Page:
New industrial orders in the euro zone posted their sharpest monthly drop for 19 months in July, led by a slump in orders for capital goods, official data showed Wednesday.Ignore Denmark below, which had grown 23.9% in June and is volatile due to aerospace purchases.
Factory orders dropped 2.4% from June—the sharpest decline since December 2008—but were 11.2% higher than in July a year earlier, the European Union's Eurostat statistics agency said. June's figures were also revised down slightly to show orders rose 2.4% month-to-month and 22.7% year-to-year.
The July figures were weaker than expected. Economists had predicted orders would be 1.6% lower from the previous month and 16.3% higher than a year earlier, according to a Dow Jones Newswires survey last week.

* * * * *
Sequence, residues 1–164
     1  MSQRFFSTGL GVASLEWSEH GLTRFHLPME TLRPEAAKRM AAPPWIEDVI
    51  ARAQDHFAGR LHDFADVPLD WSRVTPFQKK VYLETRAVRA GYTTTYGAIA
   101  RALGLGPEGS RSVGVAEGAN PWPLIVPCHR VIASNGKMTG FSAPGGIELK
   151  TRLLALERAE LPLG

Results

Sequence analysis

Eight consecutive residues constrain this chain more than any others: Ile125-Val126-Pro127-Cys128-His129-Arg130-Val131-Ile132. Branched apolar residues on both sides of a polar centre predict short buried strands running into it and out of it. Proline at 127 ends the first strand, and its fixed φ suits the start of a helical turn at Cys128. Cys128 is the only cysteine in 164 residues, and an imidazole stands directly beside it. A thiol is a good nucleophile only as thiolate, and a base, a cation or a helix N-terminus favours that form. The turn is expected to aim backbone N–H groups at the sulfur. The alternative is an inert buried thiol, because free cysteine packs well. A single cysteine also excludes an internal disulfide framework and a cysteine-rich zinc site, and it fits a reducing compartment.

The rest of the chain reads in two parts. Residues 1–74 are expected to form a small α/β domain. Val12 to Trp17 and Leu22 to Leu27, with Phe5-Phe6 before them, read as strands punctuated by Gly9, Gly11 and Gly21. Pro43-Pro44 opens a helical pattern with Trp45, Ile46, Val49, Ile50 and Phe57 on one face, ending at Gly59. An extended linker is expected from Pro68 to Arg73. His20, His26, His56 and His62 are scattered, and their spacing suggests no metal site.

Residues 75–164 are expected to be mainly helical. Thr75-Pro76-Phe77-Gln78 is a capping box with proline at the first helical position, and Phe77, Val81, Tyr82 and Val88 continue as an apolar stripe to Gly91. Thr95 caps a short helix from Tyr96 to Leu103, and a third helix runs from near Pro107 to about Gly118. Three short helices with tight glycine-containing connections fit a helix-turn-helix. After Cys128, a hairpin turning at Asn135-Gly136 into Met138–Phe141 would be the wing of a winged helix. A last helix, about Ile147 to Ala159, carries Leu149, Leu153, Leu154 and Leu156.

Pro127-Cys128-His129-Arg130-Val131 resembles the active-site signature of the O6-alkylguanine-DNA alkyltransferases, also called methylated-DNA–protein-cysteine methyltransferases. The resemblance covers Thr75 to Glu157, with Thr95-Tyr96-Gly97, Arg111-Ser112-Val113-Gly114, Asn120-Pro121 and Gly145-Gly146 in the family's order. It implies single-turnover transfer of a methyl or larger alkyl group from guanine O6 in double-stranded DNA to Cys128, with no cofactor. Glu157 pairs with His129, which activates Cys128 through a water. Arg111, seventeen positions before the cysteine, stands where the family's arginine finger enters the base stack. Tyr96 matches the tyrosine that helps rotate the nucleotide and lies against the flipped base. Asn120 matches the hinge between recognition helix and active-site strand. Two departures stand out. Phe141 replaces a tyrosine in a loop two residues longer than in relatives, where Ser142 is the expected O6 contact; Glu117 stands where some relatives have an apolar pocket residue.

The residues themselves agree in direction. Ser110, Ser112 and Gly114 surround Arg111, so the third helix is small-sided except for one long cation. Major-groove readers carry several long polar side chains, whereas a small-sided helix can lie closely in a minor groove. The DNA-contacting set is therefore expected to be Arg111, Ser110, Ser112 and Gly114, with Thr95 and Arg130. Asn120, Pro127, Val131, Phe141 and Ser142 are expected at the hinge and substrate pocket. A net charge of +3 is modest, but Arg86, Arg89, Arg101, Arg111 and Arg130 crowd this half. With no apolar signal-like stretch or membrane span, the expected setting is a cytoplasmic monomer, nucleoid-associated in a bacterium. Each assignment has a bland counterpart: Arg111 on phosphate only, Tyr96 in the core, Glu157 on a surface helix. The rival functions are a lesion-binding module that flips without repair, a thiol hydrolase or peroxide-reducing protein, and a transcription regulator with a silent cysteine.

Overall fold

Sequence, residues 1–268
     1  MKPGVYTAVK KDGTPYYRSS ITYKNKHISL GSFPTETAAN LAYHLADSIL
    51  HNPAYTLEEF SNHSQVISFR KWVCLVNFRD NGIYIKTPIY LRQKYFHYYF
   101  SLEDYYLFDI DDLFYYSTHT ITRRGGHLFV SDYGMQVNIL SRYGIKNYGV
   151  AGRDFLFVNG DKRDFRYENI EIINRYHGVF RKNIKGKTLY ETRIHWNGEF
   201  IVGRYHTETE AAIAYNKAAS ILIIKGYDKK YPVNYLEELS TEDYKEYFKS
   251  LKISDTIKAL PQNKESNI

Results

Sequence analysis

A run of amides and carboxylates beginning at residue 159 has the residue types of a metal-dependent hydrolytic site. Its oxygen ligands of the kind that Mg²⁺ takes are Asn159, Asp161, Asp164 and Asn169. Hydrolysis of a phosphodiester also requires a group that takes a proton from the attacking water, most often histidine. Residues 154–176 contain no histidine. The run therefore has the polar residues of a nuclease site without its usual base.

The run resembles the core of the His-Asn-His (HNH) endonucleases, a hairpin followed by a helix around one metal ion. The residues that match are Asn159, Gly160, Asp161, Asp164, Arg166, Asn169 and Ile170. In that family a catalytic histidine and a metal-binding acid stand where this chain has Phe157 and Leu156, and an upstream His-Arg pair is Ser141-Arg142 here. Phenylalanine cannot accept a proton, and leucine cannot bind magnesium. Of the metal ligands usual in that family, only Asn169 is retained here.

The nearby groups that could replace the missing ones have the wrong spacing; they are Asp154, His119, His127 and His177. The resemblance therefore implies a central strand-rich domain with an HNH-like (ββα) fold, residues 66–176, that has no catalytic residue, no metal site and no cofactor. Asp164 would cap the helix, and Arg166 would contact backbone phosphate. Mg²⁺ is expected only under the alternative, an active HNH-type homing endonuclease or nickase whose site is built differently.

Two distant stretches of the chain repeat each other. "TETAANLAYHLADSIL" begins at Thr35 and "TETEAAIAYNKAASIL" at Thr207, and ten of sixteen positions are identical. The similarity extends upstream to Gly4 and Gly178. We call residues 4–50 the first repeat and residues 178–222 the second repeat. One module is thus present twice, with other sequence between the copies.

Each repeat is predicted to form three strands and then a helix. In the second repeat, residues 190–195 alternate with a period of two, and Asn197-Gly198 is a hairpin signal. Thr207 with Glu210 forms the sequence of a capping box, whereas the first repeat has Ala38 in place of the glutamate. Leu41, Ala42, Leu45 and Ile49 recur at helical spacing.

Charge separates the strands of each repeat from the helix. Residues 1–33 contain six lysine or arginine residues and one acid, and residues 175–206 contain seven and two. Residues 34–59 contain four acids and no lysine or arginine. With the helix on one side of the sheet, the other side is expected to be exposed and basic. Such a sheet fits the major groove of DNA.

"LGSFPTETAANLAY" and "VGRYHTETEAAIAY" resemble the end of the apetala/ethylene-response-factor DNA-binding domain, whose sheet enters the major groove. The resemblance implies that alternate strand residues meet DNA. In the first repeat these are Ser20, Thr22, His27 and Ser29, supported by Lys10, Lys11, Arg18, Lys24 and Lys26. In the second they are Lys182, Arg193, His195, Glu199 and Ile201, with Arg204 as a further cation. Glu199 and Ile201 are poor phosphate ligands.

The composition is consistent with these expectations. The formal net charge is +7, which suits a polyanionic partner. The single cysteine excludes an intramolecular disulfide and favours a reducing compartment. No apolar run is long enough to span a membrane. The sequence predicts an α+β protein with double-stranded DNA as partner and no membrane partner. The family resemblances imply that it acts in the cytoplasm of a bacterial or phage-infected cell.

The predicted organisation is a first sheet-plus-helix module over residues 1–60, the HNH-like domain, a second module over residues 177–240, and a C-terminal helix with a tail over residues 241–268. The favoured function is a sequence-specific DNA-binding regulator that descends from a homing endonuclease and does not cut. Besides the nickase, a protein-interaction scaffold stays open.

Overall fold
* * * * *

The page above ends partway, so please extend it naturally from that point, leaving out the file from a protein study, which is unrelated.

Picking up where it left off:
The figures appear to support the view that the euro zone's economic recovery is likely to lose some steam in the second half of the year, in part because of government spending cuts designed to reduce the size of countries' budget deficits.
Over the longer term, we see that although production has rebounded significantly off lows, intermediate and capital goods production is still way below previous peaks.
A slow down combined with the recent surge in the Euro that will impact export price levels means that Europe will be facing some severe headwinds in coming months.